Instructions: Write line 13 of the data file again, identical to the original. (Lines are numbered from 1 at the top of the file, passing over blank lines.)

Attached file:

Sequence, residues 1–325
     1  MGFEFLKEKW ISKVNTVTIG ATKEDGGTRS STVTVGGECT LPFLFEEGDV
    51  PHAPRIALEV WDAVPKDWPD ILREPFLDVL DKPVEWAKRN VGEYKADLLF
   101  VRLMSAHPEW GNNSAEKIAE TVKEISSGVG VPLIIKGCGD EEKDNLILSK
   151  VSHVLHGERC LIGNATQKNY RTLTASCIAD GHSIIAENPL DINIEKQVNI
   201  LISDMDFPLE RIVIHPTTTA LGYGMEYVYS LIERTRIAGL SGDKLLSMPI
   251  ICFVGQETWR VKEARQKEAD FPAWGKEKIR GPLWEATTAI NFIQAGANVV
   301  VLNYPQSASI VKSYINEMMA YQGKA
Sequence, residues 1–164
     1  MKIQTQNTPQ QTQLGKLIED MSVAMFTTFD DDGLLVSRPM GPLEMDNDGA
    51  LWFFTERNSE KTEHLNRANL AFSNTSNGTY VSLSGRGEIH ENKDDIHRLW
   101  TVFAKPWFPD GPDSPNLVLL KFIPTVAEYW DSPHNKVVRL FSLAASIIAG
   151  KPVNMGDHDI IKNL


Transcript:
   151  KPVNMGDHDI IKNL